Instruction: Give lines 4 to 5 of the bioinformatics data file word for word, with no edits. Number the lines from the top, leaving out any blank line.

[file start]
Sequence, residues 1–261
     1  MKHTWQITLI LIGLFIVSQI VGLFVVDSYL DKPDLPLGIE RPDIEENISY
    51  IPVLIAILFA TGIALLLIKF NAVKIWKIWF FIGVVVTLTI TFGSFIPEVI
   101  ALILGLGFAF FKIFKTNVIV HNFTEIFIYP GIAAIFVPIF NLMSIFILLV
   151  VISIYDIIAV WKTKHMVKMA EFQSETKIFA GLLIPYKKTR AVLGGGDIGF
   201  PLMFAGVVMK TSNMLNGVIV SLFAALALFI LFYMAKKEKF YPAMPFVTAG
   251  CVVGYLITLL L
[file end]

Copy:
   101  ALILGLGFAF FKIFKTNVIV HNFTEIFIYP GIAAIFVPIF NLMSIFILLV
   151  VISIYDIIAV WKTKHMVKMA EFQSETKIFA GLLIPYKKTR AVLGGGDIGF